Twenty years on, after innumerable TV series and spin-offs, lawsuits and movie franchise iterations the Jackass crew is back with yet another festival of fantastically pointless and immature bad taste, including a new younger generation of Jackass stuntsters who tell the camera they can’t believe they’re on the show they grew up with. The last film was Jackass 3D in 2010, part of the 3D craze in cinema which has now been quietly abandoned without anyone noticing or caring. But Jackass marches on.
As ever, the guys are taking turns doing stupid and dangerous things, while the rest of the gang scream with supportive, incredulous laughter and the participants scream with laughter right back at them once the stunt is over. In fact, the real Jackass gonzo discipline would seem to be keeping up the grinning party mood even after a heavyweight boxer has hit you in the balls. Are there any cutting-room-floor-moments when any of them seriously lost their sense of humour?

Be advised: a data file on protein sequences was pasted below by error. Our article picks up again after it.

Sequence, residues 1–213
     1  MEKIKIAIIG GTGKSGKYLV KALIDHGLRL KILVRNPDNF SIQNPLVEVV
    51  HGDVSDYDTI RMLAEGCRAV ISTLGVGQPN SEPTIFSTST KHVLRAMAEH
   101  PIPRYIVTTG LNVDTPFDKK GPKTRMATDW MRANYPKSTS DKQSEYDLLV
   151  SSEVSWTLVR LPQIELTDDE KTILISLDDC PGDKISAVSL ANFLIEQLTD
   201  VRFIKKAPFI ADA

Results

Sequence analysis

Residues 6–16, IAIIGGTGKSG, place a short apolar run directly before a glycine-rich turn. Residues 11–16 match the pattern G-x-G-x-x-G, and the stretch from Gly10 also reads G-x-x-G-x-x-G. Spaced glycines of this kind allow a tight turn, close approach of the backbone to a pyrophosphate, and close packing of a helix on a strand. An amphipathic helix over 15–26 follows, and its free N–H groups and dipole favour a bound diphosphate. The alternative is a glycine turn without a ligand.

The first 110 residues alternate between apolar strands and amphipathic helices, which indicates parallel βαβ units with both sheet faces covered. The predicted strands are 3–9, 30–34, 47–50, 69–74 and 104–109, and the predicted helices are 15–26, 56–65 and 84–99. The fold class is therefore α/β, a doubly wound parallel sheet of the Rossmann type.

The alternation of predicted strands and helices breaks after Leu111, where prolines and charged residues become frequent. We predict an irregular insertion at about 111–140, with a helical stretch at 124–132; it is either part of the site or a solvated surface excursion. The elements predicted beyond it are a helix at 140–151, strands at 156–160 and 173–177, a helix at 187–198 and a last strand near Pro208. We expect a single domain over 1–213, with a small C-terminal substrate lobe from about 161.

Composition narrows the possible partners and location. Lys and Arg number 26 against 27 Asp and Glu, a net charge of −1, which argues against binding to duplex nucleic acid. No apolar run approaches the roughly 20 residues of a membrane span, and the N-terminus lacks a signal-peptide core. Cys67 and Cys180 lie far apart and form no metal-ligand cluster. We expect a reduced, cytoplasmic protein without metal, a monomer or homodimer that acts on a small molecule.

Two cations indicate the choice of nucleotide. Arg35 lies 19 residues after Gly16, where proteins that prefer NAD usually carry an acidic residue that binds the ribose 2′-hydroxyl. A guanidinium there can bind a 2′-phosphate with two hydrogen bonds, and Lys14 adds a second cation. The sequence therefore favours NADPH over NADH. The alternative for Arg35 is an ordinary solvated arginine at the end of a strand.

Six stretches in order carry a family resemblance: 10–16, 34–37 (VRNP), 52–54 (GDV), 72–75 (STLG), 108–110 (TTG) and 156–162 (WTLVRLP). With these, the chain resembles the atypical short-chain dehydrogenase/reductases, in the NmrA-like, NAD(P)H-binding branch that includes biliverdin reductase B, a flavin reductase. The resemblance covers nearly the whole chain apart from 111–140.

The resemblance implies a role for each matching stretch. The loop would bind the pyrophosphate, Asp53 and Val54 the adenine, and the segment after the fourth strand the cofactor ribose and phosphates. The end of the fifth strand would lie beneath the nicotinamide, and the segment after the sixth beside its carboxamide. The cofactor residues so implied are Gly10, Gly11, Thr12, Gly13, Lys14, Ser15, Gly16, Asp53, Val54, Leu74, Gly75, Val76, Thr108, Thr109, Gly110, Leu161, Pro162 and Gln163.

The gang are getting attacked by bees, bears, bulls. One woman gets a “scorpion botox”: the creature stings her on the lips. Jackass leader Johnny Knoxville is fired into the air wearing feathery wings in homage to the Icarus myth. It hardly needs saying that the Jackass identity is overwhelmingly male – but what also needs saying is that the movies are unique in popular culture in actually showing the penis: that part of the male body that is fastidiously avoided in even the most avowedly explicit films. In Jackass Forever, the penis is shown repeatedly, explicitly and in a way that’s weirdly the opposite of macho. Its vulnerability and absurdity is what comes across in Jackass. It’s like an exotic, strange creature, a victim-version of the menacing creatures in the film – like the huge spider that in one very ingenious game is set up in a plastic tube interconnecting two plastic helmets in which two players’ heads are enclosed. Each has to blow the spider at the other and the loser, having let the spider into his helmet, has to let the spider bite him.
“This isn’t a Mensa convention!” says one player. Is that disingenuous? Isn’t there, in fact, some advanced showbiz intelligence and surrealist savvy in the way Jackass is set up and edited? Either way, it has a horror-comedy impact.